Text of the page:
How An Hour With Modern Warfare 2 Made Me Hate Video Games

modern warfare 2

I don’t mean that it’s a bad game mechanically. Everything seems to work together. The visuals are great. There’s a high level of detail and creativity. The buttons do what they’re supposed to do. No, it’s the worst game I’ve ever played because it’s the game that made me feel worse than any other game I’ve played.

Once, when I was a teenager, I was playing Sid Meier’s Gettyburg when my younger sister walked in and asked what I was doing. I told her it was a Civil War game, and she asked which side I was. I told her I was the Confederacy, and she exclaimed “You’re playing as the South?!?!?” It’s just a game, I thought. I’m not actually defending slavery. The South has a much more interesting set of scenarios in the battle, after all, and just playing as one side would get boring….

I’ve also played as Nazis in Panzer General, razed cities of hundreds of thousands of people in Civilization, and destroyed entire kingdoms in Warcraft III. That doesn’t even include first-person shooters, killing soldier after soldier in Half-Life, loving the relentless amorality of Far Cry 2. I am no stranger to violence or horrible decisions in gaming. That’s not what bothers me.

Modern Warfare 2 immediately creates a feeling of cinematic heroism. The credits roll over a picture of the globe, with lines indicating borders, interconnectedness, and danger. The music that plays is that of a tense thriller, one where the world could end if the heroes—and there are heroes—don’t succeed.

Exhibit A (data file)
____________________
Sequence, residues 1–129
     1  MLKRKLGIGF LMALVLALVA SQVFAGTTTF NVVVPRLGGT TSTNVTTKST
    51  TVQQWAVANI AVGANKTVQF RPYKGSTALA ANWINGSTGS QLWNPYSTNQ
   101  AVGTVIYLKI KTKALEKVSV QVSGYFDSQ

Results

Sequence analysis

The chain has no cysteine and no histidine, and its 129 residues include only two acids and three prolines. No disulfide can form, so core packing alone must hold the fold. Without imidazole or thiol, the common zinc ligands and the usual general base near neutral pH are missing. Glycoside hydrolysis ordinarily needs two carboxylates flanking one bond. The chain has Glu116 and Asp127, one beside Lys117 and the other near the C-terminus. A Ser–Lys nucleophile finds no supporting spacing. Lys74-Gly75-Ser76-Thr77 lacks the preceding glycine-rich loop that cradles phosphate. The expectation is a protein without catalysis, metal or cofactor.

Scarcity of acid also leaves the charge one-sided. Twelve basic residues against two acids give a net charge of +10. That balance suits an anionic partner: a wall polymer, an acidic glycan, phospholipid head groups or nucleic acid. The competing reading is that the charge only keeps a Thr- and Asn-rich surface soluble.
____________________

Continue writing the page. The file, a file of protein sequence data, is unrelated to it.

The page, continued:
After the tutorial, an intense narration begins. “We are the most powerful military force in the history of man. Every fight is our fight. Because what happens over here matters over there. We don’t get to sit one out. Learning to use the tools of modern warfare is the difference between the prosperity of your people, and utter destruction.” The prime tool, of course, is the gun.

This game fucking loves its guns.

I’ve heard first-person shooters described as “you-are-the-gun games,” which is often literally accurate, and which also indicates the limitations of the genre. Yet Modern Warfare 2 embraces that concept. The level of detail in its guns is immediately impressive: they’ve got variety, looks, animation, usefulness. Your characters' hands curl around the triggers lovingly, and pull clips in and out, in and out when reloading. It’s gun porn, just like that opening narration suggests.  


I'd never played Call Of Duty before this. It wasn’t a deliberate choice. Finances kept me away from most modern games in the late 2000s, when COD built its empire, and I didn’t seek it out after because the military shooter genre doesn’t hold much appeal to me. For someone to be “literate” in modern video games, they probably have to have some knowledge of Call Of Duty. It’s simply too dominant to ignore, and who knows, maybe I’d like it!

The Modern Warfare 2 game is chronologically set five years after the events of the first Modern Warfare, making it a near-future game. The first mission is set in Afghanistan, at an American base where US troops are training the locals. They’re then immediately called into action in a town where militia is attacking the American troops and supply routes.

It’s taken for granted that the Americans will still be in Afghanistan. It’s taken for granted that it’ll be a hot war. No explanations are given. You are simply immersed into that conflict. This is a problem.